There are two ways of responding to music. For those plugged into Jungle, raggamuffin reggae, Techno and neo-Acid, it is an intensive libidinal pulse made up of bleeps, drones and decontextualised chants. It's immersive, impersonal, clandestine - a matter of heat and energy. For those at the rock-and-roll circus, it's also about guitars, songs, stars and names - and thus almost inevitably about packaging and marketing as well.
Whatever their musical merits, Blur, Elastica, Suede and other traditional rock bands have an overwhelming appeal for the music industry itself. They provide a package it can sell - a band which plays conventional instruments live, a band which can tour, a band which can have its picture on the record cover, a band which can support a fan club. At a time when electronic music is sweeping through youth culture, it's only conspicuously nostalgic rock revivalists who conform to these requirements. Jungle, Techno and hip-hop are not "played" or "performed" but programmed. The new conditions of production have rendered obsolete the very idea of a pop group - four more people, who, like the loveable mop-tops of old, have their own instrument to play. The demise of the group leaves the music industry with nothing - nothing to see, no performance to film, no act to stage and therefore nothing to sell.
The industry has been in allergic reaction to electronic music since the emergence of house at the end of the '80s. Both the music industry and the music media dismissed the advent of Acid house, hip-hop and sample- based music in 1986 and 1987 as a blip which would disappear once musical traditions reasserted themselves. At best, electronic music was thought of as a new style, a new way of doing the same old things. But it's becoming increasingly obvious that 1986 and 1987 mark as significant a shift as the events of 1956 and 1957; a shift not just in musical style but in the paradigms of what music is.
Normal service will not be resumed.
It is more than just a put-down to describe electronic music as "faceless". Philosophers Gilles Deleuze and Felix Guattari argue that the idea of face underpins the western ideal of what it is to be human, to be individual.
Outside the West, face is an irrelevance. Voodoo is a big riff in Jungle music (cited in song titles, referenced in film samples) because its pagan emphasis on dis-possession - the loss of face, as opposed to white western self-possession - fits the feral intensities of the new post-humanist universe.
Rock-and-roll flirted with voodoo, too. (Remember Jimi Hendrix playing "Voodoo Chile"?) But unlike rock-and-roll, electronic music really is faceless. It has no stars, and it has a real chance of continuing as facelessly as it has begun. Rock-and-roll started as an eruption of verbal tics, bodily twitches and black idiom. That its mutant energies were eventually captured and brought into the mainstream was largely because the dissemination of music then was utterly dependent upon a whole series of mediating agencies - each of which had an in-built conservative agenda.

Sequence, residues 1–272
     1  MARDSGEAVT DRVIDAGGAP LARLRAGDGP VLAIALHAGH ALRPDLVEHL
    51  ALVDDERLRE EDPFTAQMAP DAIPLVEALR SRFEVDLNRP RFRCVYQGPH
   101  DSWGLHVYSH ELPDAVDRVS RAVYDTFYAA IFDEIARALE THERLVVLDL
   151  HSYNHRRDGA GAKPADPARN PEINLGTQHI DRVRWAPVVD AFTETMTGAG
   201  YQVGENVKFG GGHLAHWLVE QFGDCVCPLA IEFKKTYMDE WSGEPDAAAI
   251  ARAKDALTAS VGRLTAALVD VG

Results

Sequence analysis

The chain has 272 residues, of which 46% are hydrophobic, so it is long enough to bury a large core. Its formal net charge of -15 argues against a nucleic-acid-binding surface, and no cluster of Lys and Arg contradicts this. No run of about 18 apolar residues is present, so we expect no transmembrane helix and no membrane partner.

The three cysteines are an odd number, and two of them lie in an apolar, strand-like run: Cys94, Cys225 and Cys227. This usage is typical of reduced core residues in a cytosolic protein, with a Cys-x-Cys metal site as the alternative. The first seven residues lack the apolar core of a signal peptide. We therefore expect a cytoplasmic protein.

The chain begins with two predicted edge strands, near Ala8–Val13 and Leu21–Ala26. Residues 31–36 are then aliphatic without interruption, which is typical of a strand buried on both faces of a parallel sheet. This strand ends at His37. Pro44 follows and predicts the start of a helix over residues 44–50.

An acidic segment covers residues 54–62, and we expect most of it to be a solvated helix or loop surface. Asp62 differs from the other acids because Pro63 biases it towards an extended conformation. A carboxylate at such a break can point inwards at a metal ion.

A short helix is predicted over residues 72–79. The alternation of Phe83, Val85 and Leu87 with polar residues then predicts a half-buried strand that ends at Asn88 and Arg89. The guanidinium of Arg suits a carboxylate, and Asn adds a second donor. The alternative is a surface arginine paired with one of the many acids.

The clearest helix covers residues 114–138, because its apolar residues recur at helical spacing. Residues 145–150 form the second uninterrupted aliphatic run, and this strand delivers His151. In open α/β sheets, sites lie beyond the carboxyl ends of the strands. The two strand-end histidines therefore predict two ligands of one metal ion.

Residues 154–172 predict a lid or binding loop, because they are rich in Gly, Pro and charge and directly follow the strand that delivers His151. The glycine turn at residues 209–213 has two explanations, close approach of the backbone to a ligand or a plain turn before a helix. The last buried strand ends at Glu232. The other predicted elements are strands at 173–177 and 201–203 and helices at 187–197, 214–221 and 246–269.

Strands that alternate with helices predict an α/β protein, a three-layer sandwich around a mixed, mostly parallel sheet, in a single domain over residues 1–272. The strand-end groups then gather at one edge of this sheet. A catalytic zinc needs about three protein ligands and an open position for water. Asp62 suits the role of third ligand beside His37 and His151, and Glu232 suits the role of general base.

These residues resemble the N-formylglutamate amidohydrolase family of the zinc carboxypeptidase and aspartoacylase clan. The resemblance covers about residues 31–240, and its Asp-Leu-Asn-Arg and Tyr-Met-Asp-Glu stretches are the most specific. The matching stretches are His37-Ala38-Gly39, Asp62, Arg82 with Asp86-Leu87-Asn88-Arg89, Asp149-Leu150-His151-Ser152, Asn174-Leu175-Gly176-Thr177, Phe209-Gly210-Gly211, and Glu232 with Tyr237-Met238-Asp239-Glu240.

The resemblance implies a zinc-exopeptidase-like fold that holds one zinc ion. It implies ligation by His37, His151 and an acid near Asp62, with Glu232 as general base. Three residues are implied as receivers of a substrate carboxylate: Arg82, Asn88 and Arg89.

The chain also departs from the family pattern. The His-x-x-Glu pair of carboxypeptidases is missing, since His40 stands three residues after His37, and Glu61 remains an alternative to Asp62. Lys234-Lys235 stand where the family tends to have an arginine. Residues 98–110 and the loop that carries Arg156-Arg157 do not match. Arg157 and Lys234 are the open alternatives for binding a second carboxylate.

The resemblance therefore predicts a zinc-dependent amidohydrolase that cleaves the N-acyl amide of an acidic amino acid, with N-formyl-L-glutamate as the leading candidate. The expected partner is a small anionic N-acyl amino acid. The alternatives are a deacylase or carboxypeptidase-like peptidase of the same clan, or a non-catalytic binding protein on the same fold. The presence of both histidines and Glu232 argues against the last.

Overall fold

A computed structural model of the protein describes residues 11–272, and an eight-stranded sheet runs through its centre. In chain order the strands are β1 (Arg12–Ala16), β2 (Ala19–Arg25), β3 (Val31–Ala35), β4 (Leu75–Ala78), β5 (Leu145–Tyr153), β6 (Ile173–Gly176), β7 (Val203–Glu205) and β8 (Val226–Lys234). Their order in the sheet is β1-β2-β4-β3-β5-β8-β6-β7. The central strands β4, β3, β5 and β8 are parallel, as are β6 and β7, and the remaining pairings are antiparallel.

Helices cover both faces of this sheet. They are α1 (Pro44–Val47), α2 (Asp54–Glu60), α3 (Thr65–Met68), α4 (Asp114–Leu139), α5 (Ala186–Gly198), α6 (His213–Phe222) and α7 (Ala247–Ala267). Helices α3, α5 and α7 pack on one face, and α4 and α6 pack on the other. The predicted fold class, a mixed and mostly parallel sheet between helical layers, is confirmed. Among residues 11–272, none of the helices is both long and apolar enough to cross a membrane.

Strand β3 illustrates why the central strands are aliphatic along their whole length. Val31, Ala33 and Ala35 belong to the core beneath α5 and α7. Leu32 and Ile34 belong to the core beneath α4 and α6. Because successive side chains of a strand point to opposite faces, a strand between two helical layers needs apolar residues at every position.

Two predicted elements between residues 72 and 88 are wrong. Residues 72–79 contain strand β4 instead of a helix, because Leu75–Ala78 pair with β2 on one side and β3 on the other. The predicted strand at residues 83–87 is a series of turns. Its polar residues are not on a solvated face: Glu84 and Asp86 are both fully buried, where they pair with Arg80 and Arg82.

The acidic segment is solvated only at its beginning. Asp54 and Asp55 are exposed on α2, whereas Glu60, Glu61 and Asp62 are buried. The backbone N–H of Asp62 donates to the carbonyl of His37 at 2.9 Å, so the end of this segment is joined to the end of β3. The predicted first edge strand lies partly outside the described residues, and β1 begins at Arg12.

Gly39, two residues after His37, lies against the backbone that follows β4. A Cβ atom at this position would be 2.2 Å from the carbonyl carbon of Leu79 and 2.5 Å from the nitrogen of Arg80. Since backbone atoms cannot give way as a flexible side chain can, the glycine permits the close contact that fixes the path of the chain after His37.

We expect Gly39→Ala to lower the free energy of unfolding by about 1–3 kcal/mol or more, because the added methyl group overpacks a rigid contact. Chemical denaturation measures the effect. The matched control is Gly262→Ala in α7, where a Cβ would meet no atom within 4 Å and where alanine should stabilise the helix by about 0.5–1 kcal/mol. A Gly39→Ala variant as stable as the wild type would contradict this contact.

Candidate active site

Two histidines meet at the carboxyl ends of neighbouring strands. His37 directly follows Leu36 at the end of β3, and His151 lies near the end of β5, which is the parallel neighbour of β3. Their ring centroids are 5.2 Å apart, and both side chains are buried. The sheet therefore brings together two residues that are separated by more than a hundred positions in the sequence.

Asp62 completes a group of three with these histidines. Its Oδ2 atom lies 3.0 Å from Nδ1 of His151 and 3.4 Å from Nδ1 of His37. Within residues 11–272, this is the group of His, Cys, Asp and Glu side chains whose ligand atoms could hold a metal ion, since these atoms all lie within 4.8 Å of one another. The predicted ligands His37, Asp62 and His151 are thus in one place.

What's different about the new electronic musics, what makes them less susceptible to cultural capture, is their relationship to the means of production. New technologies have made every level of music making - from writing through to recording and pressing - far easier and far more widely accessible than they were in the past. So while rock remains staid, dependent upon the old mechanisms of recording, touring, fan clubs and star profiles in the music press, the new electronic musics replicate themselves via independent circuits - pirate radio, specialist shops, clubs. They bypass the mass media altogether. Instead they inhabit a parallel universe, occasionally flickering into the view of the media-scanning system, but mostly developing quietly according to their own immanent rules. In invisibility lies freedom.
The music business has typically operated as a regulatory mechanism, siphoning off the energies of emergent subcultures and repackaging them in terms of existing culture and existing social structures. There can be few sadder sights than a rapper on MTV trying to pretend that he still speaks with the voice of the ghetto. But electronic music is no longer dependent upon the whims of middle men. Direct markets are beginning to replace the machinations of corporate control. With the prospect of music being traded freely on the Net, sidestepping even distribution networks and retailers, things can only get even more runaway.
So-called dance music has always been interactive: a reciprocal exchange between DJs, musicians and dancers (who are often the same people). The dance-floor is a market research experiment, not a performance; an immersive advertisement for itself, not a spectacle. Faces don't matter, only sensations.
In 1976, punk destroyed a whole generation of progressive rock dinosaurs overnight. But the rock dinosaurs so beloved of the British music press today aren't even the obese monstrosities that the punks loathed. These new-old bands are not progressive rock, but what music journalist Simon Reynolds has called "regressive rock".
Now, in 1995, a cyberpunk critical mass is coalescing, preparing to eat regressive rock alive. And it's not only a matter of musical style now: it's about a whole new way of consuming, producing and selling culture. These unnaturally born killers are replacing live music with undead digitalised voodoo, human beings with replicant becomings and stars with impersonal flows of rhythm and information.
They're coming for you. Prepare to lose your face.
Mark Fisher is a student of electronic culture.